Pain-related functional limitations represent an important outcome domain to assess in children and adolescents with chronic pain. The aim of this study was to extend the empirical support of the 21-item Child Activity Limitations Interview (CALI-21), a well-validated measure of activity limitations, using a large, multisite sample and to develop a brief form of the measure with more interpretable scoring. A sample of 1616 youth and 1614 parents completed the CALI-21 at an initial appointment in 1 of 3 pain specialty clinics in the Midwest or Northwest United States, or as part of a research study after this initial visit. All youth also reported on usual pain intensity. The CALI-21 data from 1236 youth and parents were used in analyses. Results of the exploratory and confirmatory factor analyses supported a common 2-factor structure (Active and Routine factors) for both child- and parent-report versions. Using item reduction, the 9-item measure (CALI-9) was developed with both child and parent versions showing good internal consistency and high cross-informant reliability. Initial validity was shown by the ability of the CALI-9 to distinguish by level of pain intensity. Findings suggest that the CALI-9 is a promising brief tool for the evaluation of pain-related activity limitations in youth with chronic pain and for proxy report by parents. Advantages of the shortened scale include the revised 0 to 100-point scale, which increases interpretability, and further validation of the subscale scoring to assess specific limitations in Active and Routine physical functioning domains.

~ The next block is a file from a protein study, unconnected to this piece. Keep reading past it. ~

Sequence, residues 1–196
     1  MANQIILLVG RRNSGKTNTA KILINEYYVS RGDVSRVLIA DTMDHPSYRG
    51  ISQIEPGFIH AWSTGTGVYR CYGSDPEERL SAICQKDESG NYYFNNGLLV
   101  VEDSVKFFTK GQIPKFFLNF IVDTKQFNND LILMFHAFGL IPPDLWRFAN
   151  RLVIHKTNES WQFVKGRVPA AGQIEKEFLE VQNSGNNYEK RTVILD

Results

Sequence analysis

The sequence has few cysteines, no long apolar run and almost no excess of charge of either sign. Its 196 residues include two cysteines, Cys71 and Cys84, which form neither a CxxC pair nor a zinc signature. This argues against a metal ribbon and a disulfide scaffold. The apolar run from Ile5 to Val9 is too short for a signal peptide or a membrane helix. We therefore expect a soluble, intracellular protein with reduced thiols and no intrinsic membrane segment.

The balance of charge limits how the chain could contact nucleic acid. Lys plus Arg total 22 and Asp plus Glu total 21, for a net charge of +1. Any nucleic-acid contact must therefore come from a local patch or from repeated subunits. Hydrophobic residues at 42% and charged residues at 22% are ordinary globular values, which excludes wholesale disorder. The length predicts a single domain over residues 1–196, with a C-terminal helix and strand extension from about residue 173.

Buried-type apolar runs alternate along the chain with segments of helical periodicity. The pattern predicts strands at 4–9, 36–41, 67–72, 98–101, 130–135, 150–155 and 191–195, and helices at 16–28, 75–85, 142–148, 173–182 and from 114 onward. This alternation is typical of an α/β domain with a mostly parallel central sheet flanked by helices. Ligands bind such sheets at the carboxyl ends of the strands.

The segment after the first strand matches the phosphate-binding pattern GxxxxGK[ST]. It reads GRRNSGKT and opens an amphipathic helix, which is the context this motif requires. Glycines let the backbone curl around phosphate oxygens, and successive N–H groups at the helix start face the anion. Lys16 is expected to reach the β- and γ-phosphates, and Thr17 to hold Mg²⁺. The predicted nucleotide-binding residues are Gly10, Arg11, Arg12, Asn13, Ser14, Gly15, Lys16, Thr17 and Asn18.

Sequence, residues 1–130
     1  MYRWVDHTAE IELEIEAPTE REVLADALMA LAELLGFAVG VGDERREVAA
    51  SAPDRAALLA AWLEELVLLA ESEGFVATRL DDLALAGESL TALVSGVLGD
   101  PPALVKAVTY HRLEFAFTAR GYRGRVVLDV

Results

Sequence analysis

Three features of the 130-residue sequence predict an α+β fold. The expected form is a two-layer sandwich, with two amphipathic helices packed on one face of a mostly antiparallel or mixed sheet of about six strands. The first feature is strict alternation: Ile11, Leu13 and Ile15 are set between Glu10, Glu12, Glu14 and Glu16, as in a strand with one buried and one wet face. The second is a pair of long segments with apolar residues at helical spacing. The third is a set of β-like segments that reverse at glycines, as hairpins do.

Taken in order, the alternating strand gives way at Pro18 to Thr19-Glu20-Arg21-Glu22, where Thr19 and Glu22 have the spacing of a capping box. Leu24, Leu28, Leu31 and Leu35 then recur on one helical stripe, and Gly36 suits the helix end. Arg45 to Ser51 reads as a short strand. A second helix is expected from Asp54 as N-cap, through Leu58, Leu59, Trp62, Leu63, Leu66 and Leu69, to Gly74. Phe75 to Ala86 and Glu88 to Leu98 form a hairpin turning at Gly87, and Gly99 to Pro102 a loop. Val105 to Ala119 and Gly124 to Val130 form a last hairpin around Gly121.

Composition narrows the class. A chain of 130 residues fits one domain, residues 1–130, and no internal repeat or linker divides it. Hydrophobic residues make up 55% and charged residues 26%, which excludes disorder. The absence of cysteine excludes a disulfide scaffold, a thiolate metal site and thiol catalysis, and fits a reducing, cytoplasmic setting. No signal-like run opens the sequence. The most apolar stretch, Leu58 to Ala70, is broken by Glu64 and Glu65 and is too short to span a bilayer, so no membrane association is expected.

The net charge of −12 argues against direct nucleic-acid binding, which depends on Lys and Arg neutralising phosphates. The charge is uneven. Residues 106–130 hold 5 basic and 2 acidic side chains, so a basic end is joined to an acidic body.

aDepartment of Pediatrics, Oregon Health & Science University, Portland, OR, USA
bDepartment of Pediatrics, University of Washington, Seattle, WA, USA
cChildren's Hospital of Wisconsin, Milwaukee, WI, USA
dDepartment of Anesthesiology, Medical College of Wisconsin, Milwaukee, WI, USA
eDepartment of Anesthesiology and Pain Medicine, University of Washington, Seattle, WA, USA
fSeattle Children's Research Institute, Seattle, WA, USA
Corresponding author. Address: 3181 SW Sam Jackson—CDRC, Portland, OR 97239, USA. E-mail address: firstname.lastname@example.org (A. L. Holley).
Sponsorships or competing interests that may be relevant to content are disclosed at the end of this article.
Supplemental digital content is available for this article. Direct URL citations appear in the printed text and are provided in the HTML and PDF versions of this article on the journal's Web site (www.painjournalonline.com).
Received March 01, 2017
Received in revised form August 30, 2017
Accepted September 05, 2017